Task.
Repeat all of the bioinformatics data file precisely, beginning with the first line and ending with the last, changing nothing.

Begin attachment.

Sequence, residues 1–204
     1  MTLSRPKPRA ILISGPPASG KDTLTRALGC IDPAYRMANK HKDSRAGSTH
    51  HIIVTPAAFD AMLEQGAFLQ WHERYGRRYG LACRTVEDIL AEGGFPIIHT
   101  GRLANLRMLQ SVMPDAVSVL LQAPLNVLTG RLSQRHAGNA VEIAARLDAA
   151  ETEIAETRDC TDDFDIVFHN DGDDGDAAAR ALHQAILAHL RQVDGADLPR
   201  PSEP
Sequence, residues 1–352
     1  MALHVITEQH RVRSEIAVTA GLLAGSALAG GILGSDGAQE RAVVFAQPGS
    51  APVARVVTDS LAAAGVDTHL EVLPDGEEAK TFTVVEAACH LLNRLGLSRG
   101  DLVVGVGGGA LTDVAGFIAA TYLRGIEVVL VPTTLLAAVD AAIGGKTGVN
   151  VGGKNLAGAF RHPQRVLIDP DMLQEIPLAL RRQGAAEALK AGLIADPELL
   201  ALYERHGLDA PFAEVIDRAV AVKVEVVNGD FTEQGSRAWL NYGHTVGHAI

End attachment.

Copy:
Sequence, residues 1–204
     1  MTLSRPKPRA ILISGPPASG KDTLTRALGC IDPAYRMANK HKDSRAGSTH
    51  HIIVTPAAFD AMLEQGAFLQ WHERYGRRYG LACRTVEDIL AEGGFPIIHT
   101  GRLANLRMLQ SVMPDAVSVL LQAPLNVLTG RLSQRHAGNA VEIAARLDAA
   151  ETEIAETRDC TDDFDIVFHN DGDDGDAAAR ALHQAILAHL RQVDGADLPR
   201  PSEP
Sequence, residues 1–352
     1  MALHVITEQH RVRSEIAVTA GLLAGSALAG GILGSDGAQE RAVVFAQPGS
    51  APVARVVTDS LAAAGVDTHL EVLPDGEEAK TFTVVEAACH LLNRLGLSRG
   101  DLVVGVGGGA LTDVAGFIAA TYLRGIEVVL VPTTLLAAVD AAIGGKTGVN
   151  VGGKNLAGAF RHPQRVLIDP DMLQEIPLAL RRQGAAEALK AGLIADPELL
   201  ALYERHGLDA PFAEVIDRAV AVKVEVVNGD FTEQGSRAWL NYGHTVGHAI